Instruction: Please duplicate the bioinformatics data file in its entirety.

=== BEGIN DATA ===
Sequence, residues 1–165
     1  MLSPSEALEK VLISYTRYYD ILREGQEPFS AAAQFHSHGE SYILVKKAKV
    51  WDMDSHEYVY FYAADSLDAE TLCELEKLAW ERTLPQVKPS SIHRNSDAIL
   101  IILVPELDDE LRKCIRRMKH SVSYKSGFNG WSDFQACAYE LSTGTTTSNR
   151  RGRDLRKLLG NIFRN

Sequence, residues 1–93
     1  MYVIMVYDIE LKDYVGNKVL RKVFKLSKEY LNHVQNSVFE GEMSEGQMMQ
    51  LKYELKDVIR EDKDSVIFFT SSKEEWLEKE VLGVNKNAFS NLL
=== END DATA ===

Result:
Sequence, residues 1–165
     1  MLSPSEALEK VLISYTRYYD ILREGQEPFS AAAQFHSHGE SYILVKKAKV
    51  WDMDSHEYVY FYAADSLDAE TLCELEKLAW ERTLPQVKPS SIHRNSDAIL
   101  IILVPELDDE LRKCIRRMKH SVSYKSGFNG WSDFQACAYE LSTGTTTSNR
   151  RGRDLRKLLG NIFRN

Sequence, residues 1–93
     1  MYVIMVYDIE LKDYVGNKVL RKVFKLSKEY LNHVQNSVFE GEMSEGQMMQ
    51  LKYELKDVIR EDKDSVIFFT SSKEEWLEKE VLGVNKNAFS NLL